To Kill A Mockingbird

By Josh Heims


In the book "To Kill a Mockingbird" there are many examples of bravery. One that really stands out to me is how Atticus Finch decides to try to help an innocent black man to his freedom. He knew it was the right thing to do even though it could bring danger to him and his family. He puts time and effort into Tom Robinson's case, so much that he doesn't have much time for his kids Jem and Scout. Another brave part in the book was when Boo Radley saved the kids life. Bob Ewull easily could have killed him if he made a mistake too. Then after Bob was dead he took Jem to Atticus and he was seen for the first time. He knew he would probably get in trouble for being out by his brother. This was extremely brave of him.

Characters from To Kill A Mockingbird

The Mockingbird

The Mockingbird was mentioned several times throughout the story. The first was when Jem and Scout received air-soft guns for Christmas. Atticus told them that they could shoot at cans, and if they do shoot at living things, to never shoot at a Mockingbird. He said not to because they are not a pest and they do not annoy anyone. All they do is sit there and make pretty music. He said it would be a sin to kill them. Another example is when Tom Robinson is accused of raping. He is an innocent man and has done no wrong. The town finds him guilty and sentences him to death. When they did this they basically killed a mockingbird because he never did anything wrong and then they planned on killing him for nothing that he did. Another example is when Boo Radley saves the kids life and then when the sheriff investigated he picks up the extra knife and says that it was an accident. This way Boo wouldn't have to be tried and get all kinds of attention both good and bad. When Atticus explains to Scout what they are doing and why, she says she understands because giving him attention would be like killing a mockingbird.
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Growing up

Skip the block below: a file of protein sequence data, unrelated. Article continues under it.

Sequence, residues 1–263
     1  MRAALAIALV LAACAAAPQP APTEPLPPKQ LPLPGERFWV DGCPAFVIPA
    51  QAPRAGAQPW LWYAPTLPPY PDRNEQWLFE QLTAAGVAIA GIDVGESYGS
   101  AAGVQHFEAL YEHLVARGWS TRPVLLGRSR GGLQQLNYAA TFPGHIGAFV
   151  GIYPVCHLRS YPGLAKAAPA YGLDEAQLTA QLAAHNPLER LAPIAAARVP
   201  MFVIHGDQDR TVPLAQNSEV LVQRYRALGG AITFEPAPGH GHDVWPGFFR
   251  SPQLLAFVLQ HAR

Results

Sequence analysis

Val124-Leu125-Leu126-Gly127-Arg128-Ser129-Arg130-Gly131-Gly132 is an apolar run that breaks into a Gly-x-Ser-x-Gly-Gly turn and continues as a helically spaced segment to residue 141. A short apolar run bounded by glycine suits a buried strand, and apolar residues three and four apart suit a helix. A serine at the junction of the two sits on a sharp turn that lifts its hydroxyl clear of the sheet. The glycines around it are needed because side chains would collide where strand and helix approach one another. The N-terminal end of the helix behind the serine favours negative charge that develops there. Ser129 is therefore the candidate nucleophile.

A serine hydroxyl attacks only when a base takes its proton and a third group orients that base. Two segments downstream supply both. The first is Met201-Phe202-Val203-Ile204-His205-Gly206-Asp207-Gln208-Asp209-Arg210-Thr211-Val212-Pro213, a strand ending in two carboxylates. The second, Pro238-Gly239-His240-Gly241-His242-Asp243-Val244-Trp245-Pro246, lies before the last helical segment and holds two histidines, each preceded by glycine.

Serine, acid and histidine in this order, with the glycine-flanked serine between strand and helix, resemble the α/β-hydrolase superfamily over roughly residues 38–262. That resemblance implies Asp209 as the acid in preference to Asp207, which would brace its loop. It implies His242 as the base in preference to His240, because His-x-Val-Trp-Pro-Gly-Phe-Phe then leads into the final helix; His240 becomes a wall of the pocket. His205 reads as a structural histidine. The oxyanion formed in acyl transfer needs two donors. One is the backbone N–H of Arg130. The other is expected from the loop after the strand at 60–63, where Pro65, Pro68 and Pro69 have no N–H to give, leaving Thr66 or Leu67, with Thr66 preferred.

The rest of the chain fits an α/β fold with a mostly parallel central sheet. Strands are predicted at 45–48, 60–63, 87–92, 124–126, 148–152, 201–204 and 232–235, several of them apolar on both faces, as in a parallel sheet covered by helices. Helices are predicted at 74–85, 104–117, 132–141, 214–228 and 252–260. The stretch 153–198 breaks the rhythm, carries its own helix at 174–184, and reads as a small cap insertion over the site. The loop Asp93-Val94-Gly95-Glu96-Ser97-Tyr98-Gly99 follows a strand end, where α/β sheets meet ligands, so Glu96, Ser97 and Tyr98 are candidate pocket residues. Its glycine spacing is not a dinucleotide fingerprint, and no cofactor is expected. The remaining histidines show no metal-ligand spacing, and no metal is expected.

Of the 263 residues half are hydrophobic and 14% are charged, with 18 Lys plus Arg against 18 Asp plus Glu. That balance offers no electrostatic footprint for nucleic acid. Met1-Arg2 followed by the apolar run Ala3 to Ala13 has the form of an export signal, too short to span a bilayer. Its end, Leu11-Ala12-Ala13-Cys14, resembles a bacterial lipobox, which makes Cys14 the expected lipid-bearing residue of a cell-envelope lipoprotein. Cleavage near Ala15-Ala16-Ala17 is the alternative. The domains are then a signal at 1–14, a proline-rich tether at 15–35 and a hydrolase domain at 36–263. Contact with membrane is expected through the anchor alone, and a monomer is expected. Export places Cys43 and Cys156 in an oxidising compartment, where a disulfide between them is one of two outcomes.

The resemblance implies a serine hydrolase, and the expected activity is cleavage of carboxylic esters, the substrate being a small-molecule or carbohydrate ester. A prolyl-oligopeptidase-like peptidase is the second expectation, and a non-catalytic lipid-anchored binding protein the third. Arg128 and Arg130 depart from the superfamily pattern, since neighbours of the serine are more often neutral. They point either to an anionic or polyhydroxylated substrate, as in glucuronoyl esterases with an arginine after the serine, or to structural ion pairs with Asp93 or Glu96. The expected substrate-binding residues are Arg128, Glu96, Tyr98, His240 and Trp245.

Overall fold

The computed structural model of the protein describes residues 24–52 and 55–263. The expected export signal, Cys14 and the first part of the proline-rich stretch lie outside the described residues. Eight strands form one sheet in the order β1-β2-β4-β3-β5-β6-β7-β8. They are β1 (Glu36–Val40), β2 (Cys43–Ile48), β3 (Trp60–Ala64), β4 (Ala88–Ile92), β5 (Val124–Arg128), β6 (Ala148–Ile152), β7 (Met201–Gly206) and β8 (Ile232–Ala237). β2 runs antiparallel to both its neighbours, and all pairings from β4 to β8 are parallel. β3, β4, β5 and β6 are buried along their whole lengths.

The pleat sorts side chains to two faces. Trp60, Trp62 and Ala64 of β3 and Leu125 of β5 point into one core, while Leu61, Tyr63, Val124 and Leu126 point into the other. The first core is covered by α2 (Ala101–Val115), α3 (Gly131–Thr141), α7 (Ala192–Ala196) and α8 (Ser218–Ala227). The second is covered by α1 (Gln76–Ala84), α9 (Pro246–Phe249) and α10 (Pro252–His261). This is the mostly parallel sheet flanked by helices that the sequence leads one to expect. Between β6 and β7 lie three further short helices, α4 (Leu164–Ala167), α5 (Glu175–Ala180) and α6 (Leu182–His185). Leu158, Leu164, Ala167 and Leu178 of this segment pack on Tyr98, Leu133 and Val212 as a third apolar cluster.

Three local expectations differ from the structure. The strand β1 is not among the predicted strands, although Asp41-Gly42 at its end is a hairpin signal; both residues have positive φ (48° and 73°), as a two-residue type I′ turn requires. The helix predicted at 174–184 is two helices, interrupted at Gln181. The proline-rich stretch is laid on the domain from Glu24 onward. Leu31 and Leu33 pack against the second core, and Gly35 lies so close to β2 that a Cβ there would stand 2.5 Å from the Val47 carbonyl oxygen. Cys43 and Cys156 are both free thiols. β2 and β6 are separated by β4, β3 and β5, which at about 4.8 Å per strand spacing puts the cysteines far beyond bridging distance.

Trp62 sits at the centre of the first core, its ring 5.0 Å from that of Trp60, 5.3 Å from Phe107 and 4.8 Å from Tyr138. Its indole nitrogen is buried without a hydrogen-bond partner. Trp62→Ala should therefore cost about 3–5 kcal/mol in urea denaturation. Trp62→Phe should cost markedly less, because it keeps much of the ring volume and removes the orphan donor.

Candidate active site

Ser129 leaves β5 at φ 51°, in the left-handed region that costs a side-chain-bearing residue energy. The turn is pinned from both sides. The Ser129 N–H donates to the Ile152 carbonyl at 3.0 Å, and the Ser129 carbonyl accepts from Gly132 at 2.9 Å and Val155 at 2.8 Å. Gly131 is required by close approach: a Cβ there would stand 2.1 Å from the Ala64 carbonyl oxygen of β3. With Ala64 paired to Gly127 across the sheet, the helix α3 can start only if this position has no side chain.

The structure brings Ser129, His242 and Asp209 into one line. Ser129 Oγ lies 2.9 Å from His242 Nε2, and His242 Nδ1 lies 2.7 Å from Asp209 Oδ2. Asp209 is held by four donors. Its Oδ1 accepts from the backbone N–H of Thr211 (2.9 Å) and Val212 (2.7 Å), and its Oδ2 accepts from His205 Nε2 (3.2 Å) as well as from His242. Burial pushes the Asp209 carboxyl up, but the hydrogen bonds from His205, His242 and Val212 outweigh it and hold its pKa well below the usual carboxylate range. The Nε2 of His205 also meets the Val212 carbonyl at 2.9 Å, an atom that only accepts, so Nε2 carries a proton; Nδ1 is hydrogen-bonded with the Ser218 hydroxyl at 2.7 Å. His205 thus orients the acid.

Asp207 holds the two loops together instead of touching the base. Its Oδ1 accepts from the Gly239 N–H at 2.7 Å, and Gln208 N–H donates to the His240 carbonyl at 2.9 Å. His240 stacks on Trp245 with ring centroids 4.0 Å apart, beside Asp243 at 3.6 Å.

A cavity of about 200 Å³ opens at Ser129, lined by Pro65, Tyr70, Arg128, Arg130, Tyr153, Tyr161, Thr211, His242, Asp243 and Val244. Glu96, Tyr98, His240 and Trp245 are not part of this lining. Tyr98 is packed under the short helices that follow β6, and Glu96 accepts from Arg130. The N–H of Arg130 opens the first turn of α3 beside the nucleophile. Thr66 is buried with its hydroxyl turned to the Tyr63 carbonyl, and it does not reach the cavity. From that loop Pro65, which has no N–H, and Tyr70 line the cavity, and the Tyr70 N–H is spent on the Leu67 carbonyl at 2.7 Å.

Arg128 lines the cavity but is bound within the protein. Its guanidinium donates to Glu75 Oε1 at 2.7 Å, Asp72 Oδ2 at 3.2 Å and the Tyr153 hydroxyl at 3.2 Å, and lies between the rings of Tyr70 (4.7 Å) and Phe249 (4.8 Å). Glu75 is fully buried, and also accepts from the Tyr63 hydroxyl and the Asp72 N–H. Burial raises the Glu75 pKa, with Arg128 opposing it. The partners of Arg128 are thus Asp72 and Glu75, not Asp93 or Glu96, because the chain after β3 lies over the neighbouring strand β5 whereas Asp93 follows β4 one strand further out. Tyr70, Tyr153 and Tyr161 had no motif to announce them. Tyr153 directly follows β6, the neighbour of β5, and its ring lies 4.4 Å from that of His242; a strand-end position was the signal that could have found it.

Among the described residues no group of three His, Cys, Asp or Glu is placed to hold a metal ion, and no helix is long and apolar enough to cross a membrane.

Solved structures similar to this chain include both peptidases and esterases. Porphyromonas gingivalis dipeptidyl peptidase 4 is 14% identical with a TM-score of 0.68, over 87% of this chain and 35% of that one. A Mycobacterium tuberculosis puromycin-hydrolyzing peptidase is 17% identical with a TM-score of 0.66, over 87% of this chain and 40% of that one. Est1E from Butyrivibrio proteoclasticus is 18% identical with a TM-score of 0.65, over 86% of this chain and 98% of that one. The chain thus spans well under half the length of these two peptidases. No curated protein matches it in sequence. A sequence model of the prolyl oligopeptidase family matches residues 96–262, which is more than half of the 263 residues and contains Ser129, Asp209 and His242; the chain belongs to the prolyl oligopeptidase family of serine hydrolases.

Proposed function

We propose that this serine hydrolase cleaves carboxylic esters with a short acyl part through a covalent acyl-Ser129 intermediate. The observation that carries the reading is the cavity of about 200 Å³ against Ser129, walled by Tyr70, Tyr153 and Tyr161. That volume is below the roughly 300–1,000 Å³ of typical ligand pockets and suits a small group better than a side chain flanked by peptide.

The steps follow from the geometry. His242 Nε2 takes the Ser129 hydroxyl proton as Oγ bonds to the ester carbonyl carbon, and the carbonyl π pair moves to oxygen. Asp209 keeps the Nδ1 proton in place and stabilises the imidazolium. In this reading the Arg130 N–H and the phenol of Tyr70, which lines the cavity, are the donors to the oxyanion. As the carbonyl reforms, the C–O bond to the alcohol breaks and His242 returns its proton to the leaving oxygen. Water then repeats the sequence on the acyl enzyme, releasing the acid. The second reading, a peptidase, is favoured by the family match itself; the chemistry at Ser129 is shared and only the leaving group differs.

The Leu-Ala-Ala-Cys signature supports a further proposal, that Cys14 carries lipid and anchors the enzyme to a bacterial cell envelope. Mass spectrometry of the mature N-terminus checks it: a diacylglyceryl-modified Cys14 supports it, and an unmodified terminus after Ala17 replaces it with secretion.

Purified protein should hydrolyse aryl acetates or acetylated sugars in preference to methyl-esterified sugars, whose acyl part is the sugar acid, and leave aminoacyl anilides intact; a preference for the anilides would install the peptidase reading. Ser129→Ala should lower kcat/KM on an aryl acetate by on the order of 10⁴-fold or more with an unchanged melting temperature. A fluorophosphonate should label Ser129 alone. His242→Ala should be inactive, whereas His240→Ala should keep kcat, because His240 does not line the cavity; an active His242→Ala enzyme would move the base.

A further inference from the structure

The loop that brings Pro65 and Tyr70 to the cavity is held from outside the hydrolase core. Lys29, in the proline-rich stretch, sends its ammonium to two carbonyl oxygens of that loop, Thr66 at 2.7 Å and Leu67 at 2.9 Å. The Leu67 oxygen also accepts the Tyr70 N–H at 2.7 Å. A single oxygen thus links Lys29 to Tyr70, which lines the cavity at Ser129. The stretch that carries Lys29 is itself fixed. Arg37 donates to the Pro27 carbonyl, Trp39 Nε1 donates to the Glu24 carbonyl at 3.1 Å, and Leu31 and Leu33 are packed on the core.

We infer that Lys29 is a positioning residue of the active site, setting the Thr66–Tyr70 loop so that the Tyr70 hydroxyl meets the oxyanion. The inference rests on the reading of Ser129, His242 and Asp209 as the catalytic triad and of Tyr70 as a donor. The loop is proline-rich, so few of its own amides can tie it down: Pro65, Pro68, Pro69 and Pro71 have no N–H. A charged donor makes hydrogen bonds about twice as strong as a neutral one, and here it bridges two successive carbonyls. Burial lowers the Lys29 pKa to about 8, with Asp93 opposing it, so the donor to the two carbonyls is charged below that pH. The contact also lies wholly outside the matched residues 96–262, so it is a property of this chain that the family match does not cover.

Throughout the book we watch Jem, Scout, and from time to time, Dill growing up. we see many things change both physical and mental. One major physical change is of corse their size, and Jem getting hair on his chest. Another change showing them growing up is how at the beginning of the book they always ran past Boo Radley's house. But in the end she (Scout) walks him home and holds his hand in the middle of the night. Also when the book started Scout couldn't understand why people were so racist, and like all kids would, she asked tons of questions. Towards the end of Tom's case she still doesn't understand why people are racist here but feel so bad for the jews in world war II. in the end though she has a much better grip on the idea.

Small Town

One final theme that is often overlooked is how the book took place in a small town in the south. You can easily tell this even from the young Scout. She knows her neighbors well and calls them all by the first name. The only problem is that everyone knows everyone else's business. Besides that fact though they all come together and help each other out, like when Miss Maudie's house burns down. You can easily tell that it takes place in the southern part of America because of all the racism. It isn't just little things like jokes, it is big things like when Tom Robinson is clearly proven innocent but still is convicted of rapping Mayella Euell.